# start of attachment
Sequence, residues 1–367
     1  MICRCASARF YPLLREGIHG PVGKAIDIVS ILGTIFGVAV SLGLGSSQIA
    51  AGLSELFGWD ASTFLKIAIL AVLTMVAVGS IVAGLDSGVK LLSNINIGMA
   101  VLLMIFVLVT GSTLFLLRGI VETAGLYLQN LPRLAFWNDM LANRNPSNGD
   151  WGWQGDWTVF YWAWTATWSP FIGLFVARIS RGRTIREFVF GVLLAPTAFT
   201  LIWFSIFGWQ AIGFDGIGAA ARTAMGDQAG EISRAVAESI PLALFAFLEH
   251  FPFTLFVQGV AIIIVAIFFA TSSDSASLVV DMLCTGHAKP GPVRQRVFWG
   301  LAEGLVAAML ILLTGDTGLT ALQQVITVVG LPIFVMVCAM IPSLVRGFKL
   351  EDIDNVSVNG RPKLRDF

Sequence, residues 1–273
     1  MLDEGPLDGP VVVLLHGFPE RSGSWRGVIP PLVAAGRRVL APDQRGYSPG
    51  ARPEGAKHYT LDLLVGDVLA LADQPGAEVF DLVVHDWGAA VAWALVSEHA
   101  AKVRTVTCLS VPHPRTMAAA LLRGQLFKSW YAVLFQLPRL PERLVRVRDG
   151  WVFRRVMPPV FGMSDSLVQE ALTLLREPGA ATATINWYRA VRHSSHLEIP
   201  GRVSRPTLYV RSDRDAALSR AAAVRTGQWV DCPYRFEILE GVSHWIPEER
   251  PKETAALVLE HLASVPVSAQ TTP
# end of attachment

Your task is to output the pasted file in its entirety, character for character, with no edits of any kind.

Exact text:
Sequence, residues 1–367
     1  MICRCASARF YPLLREGIHG PVGKAIDIVS ILGTIFGVAV SLGLGSSQIA
    51  AGLSELFGWD ASTFLKIAIL AVLTMVAVGS IVAGLDSGVK LLSNINIGMA
   101  VLLMIFVLVT GSTLFLLRGI VETAGLYLQN LPRLAFWNDM LANRNPSNGD
   151  WGWQGDWTVF YWAWTATWSP FIGLFVARIS RGRTIREFVF GVLLAPTAFT
   201  LIWFSIFGWQ AIGFDGIGAA ARTAMGDQAG EISRAVAESI PLALFAFLEH
   251  FPFTLFVQGV AIIIVAIFFA TSSDSASLVV DMLCTGHAKP GPVRQRVFWG
   301  LAEGLVAAML ILLTGDTGLT ALQQVITVVG LPIFVMVCAM IPSLVRGFKL
   351  EDIDNVSVNG RPKLRDF

Sequence, residues 1–273
     1  MLDEGPLDGP VVVLLHGFPE RSGSWRGVIP PLVAAGRRVL APDQRGYSPG
    51  ARPEGAKHYT LDLLVGDVLA LADQPGAEVF DLVVHDWGAA VAWALVSEHA
   101  AKVRTVTCLS VPHPRTMAAA LLRGQLFKSW YAVLFQLPRL PERLVRVRDG
   151  WVFRRVMPPV FGMSDSLVQE ALTLLREPGA ATATINWYRA VRHSSHLEIP
   201  GRVSRPTLYV RSDRDAALSR AAAVRTGQWV DCPYRFEILE GVSHWIPEER
   251  PKETAALVLE HLASVPVSAQ TTP